What is your party trick? That skill that you learned from a mentor, or a friend in boarding school, or from your older cousin, or on YouTube? I am talking about a hard skill that you have honed, not in the line of your work or because it was in the ‘syllabus’. Many of us have something that we can do, or used to be able to do, that makes us interesting people. Sadly, because of our busy lives and drive to maximise out time, we tend to lose these beautiful skills through neglect or never find time to learn new ones.
I used to be able to balance a chair on my chin; I know how to classify wool; I was fluent in isiZulu by the time I went to school and played the piano up to the middle of high school. But here’s the thing: The golden rule with skills is, if you don’t use them, you lose them! Although I retained my near mother tongue isiZulu accent, I have lost most of my once rich vocabulary. I will probably break my jaw and the furniture if I attempt to make a chair stand on my chin! I haven’t been in a shearing shed for two decades but might still be able to take a fleece apart correctly. My greatest sadness is that I cannot play a musical instrument beyond a few cords on a guitar. And I envy my wife’s ninja skills in sewing and touch typing!
What is my point actually? It is learning! I am sure that most of us can either demonstrate a skill or tell a story about one that we once had. We all attained these skills by learning them. Babies are born with no skills, only instinctive abilities, but they have an unbelievable capacity for learning skills. They can master the skill of effective verbal communication in more than one language within the first 1000 days of their lives! How do they do this? They practice! They try and fail; try and fail, fearlessly.
At DSG we encourage learning beyond the syllabus by offering opportunities for acquiring skills via our clubs and societies, cultural programme, sports offering, outdoor education and community engagement. This is good but I think we should become even more deliberate about self-selected, self-driven learning outside of the formal academic curriculum. The objective will be that pupils fall in love with the joy of learning and continue to develop their special skills and remain to be curious lifelong learners.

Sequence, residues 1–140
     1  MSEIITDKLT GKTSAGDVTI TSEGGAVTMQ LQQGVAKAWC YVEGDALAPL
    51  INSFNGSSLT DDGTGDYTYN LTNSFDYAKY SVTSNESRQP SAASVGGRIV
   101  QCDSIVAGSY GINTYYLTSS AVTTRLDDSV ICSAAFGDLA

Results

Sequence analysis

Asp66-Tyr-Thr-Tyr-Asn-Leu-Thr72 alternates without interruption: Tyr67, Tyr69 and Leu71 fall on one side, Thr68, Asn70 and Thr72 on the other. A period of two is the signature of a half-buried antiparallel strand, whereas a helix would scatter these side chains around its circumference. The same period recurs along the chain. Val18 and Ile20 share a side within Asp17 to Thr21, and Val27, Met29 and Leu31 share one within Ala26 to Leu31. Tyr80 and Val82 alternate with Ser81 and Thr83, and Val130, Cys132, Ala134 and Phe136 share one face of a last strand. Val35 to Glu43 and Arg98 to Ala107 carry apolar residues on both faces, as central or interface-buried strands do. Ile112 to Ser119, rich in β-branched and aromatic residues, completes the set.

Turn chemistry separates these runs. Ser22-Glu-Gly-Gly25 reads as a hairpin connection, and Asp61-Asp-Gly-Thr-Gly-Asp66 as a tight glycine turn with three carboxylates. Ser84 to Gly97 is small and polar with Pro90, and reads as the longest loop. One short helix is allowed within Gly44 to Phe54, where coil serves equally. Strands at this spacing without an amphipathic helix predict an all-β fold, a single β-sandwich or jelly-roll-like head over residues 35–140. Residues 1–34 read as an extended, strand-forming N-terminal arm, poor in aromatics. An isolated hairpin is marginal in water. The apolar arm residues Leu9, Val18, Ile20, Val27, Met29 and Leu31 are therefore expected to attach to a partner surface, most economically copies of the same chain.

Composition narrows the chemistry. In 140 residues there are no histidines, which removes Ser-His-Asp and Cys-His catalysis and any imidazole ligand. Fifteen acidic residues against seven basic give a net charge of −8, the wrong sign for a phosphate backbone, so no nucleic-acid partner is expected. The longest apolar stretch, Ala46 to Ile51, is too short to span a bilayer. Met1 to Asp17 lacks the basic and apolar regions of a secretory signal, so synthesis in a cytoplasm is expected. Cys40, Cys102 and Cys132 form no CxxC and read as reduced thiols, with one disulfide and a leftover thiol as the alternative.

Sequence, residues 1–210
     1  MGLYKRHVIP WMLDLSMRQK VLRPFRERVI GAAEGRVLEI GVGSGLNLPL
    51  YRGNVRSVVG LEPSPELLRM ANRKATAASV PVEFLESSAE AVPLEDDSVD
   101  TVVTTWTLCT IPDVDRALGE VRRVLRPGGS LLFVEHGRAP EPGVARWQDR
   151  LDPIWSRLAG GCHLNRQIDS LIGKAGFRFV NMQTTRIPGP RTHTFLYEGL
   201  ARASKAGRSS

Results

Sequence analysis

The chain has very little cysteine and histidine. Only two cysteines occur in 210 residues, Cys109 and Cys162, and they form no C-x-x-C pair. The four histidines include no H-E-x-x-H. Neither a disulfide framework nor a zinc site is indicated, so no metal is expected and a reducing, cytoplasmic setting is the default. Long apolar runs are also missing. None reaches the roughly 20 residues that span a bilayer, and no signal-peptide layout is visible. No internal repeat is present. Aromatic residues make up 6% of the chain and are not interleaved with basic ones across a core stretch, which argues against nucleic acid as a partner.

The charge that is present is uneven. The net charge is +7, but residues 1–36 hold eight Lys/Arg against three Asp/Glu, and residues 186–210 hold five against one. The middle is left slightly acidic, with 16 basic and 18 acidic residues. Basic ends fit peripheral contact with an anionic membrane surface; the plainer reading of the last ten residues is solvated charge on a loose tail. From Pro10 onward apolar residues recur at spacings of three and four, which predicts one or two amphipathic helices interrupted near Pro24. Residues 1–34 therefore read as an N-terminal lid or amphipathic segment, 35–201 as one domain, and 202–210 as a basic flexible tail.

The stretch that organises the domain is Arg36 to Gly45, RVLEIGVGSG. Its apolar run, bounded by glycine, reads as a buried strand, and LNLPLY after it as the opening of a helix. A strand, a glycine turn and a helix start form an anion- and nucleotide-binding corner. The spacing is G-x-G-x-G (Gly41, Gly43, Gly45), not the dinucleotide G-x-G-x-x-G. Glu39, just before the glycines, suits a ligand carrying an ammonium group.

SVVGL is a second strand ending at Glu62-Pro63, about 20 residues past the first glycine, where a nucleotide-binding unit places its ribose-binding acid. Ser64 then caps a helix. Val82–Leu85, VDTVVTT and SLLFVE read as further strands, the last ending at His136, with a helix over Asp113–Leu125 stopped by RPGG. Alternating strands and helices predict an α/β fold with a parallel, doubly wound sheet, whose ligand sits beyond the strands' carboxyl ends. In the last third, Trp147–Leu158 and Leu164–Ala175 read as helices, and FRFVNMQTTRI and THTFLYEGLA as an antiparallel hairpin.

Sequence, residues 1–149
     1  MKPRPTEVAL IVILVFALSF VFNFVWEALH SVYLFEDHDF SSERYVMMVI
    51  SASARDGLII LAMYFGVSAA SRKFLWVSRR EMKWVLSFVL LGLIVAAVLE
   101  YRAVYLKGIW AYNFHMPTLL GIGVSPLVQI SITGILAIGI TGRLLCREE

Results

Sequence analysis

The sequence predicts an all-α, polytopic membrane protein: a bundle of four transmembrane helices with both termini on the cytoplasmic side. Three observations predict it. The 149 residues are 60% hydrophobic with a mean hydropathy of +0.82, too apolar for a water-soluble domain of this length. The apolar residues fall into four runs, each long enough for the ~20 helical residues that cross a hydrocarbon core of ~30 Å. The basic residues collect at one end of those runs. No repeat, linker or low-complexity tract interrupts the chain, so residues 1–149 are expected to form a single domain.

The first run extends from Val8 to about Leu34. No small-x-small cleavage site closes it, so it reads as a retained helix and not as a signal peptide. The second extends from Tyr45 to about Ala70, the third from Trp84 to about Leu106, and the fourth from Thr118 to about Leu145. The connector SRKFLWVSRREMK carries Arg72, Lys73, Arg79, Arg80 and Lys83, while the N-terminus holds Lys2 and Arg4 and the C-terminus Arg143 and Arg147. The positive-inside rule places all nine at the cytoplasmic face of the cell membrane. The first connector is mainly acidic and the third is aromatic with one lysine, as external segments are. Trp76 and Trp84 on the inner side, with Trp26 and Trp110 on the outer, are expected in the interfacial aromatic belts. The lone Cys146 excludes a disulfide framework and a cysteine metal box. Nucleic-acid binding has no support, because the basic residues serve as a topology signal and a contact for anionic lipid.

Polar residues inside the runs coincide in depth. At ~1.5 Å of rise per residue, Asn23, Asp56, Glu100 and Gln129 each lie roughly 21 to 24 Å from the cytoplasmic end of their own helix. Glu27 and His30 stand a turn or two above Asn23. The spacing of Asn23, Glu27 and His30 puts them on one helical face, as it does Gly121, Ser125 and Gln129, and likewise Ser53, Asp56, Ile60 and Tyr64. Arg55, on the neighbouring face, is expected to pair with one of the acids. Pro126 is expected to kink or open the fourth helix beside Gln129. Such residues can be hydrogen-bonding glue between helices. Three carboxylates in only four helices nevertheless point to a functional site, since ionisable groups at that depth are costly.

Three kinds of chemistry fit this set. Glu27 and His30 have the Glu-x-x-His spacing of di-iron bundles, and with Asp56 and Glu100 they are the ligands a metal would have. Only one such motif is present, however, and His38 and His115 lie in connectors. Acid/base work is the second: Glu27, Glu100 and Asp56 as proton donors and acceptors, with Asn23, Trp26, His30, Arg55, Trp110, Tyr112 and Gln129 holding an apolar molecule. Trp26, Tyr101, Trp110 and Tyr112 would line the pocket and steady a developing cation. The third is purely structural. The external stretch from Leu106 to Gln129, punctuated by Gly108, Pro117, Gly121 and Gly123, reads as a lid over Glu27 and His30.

It is hard to believe that we have arrived at the end of the second week of term three already. We must have had fun, because time just seemed to have flown. When I walk the campus, I most certainly get the impression that the DSG girls are indeed having fun as they find their stride into the term. We are looking forward to the Grade 8 and 9 boarders arriving on Sunday and having the entire school back in session again from next week, for the first time in months.
We are not taking this privilege for granted. It is the privilege of a lifestyle of learning at DSG that allows girls to go from one learning experience to the next, for the entire day. I see them from my office window, walking across campus, bearing the evidence of this lifestyle. They walk with books in hand, or a musical instrument. They carry a tennis racket and wear sports kit. They walk, laughing and chatting, but with purpose – clearly on their way to a learning moment. I see them in deep conversation with teachers, or running out of the school gates in a group. They are en route, learning!
So, here is a challenge to the rest of us who are not DSG girls right now. Check what you are busy learning and if there is not much to show, find something, or dust off the guitar, dig out the running shoes, sign up for the cooking course and join the isiXhosa class. Learn a new trick, even if you are not a puppy anymore!
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